According to Local Housing Solutions, “proposals for mixed-income developments that include an affordable component may draw less resistance than proposals for a development that is 100 percent affordable” due to concerns about the “quality of management or maintenance in affordable developments or negative preconceptions about the tenants.” By integrating mixed-income housing within these developments, property owners can create a diverse community that appeals to a wider range of residents. This promotes inclusivity and provides the opportunity for multifamily property owners to offer housing options at various price points, catering to different income levels.
Multifamily property owners can benefit from public-private partnerships in affordable housing initiatives. Collaborating with government entities, private developers, or nonprofits allows for the pooling of resources and expertise. These partnerships can result in the construction of mixed-income developments or the rehabilitation of existing properties to provide affordable housing options. By participating in these partnerships, multifamily property owners can access funding, tax incentives, and support for their projects, facilitating the creation of affordable housing units.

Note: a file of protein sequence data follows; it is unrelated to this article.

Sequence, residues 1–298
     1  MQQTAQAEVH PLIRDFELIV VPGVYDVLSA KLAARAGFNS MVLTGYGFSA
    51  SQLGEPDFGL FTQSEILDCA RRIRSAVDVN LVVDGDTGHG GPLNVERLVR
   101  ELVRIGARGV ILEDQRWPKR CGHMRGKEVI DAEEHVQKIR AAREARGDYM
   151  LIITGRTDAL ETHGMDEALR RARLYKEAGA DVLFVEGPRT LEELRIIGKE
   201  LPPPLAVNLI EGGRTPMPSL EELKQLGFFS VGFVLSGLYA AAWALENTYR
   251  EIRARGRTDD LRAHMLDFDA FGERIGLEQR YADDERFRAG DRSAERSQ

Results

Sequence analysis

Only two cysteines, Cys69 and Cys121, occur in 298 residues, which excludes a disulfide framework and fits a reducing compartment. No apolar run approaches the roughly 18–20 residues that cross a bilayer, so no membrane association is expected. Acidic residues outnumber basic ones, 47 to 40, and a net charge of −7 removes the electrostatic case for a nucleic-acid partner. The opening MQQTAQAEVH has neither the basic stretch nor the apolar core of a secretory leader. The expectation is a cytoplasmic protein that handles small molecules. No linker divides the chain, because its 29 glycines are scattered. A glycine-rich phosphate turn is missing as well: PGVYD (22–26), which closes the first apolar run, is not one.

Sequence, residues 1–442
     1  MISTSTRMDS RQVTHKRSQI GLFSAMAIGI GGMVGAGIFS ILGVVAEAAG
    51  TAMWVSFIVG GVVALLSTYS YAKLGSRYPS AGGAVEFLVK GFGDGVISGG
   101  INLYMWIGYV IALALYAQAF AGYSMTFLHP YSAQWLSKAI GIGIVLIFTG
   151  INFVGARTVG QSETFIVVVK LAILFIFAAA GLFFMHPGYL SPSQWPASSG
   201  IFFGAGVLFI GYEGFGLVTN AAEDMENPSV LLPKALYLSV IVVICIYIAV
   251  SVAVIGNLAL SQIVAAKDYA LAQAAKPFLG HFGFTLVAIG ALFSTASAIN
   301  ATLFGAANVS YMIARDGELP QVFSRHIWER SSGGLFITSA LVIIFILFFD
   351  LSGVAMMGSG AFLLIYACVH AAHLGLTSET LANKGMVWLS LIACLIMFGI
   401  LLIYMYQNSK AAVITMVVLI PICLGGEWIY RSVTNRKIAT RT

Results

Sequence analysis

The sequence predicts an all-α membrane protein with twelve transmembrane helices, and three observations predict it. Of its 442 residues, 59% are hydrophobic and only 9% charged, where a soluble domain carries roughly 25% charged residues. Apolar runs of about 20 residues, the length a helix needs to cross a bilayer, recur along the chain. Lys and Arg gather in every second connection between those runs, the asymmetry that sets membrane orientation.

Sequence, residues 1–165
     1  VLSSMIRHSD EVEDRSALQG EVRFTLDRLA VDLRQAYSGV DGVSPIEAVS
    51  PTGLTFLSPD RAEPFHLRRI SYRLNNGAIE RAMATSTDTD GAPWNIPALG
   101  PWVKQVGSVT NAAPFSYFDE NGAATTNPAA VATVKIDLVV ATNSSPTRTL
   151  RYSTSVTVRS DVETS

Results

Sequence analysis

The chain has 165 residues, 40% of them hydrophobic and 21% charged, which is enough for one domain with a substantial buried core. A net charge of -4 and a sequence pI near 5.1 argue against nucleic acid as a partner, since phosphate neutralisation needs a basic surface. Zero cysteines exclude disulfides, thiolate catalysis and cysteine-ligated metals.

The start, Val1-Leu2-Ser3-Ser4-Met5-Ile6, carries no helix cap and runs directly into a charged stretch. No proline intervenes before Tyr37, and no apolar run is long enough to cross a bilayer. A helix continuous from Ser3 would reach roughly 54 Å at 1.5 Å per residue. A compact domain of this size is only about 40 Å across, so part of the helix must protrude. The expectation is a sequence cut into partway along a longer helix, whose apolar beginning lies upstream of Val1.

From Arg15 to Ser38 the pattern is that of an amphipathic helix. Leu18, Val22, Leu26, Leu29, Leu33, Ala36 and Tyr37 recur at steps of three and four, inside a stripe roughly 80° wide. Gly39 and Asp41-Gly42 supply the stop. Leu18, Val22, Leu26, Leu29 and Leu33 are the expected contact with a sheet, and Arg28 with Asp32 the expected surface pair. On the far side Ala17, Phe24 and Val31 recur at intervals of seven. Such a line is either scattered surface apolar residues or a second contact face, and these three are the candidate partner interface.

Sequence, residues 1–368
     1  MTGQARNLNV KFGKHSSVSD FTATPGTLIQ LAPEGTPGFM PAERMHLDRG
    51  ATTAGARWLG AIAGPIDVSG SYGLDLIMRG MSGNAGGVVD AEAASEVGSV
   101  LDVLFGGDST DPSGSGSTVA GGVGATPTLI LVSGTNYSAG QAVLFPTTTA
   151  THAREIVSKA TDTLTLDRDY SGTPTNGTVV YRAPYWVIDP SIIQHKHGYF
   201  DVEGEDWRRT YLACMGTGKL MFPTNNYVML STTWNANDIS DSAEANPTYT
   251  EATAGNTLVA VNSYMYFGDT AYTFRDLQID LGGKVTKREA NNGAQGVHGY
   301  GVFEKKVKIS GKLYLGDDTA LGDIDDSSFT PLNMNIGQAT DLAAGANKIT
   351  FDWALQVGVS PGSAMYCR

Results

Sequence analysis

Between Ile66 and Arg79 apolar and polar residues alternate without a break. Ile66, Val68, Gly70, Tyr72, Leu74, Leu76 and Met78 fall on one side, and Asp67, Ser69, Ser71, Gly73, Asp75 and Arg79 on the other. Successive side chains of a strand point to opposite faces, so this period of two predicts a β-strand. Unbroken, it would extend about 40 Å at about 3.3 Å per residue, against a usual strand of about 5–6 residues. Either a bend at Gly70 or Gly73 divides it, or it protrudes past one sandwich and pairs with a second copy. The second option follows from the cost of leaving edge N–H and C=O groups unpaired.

Leveraging technology in the affordable housing sector can be advantageous for multifamily property owners. Digital platforms that streamline the housing search and application processes make it easier for property owners to connect with potential tenants seeking affordable housing. Additionally, technology can optimize efficiency in construction methods, reducing development costs for multifamily properties. The use of AI and data analysis can also assist property owners in identifying individuals with the greatest financial need, allowing for targeted assistance and support.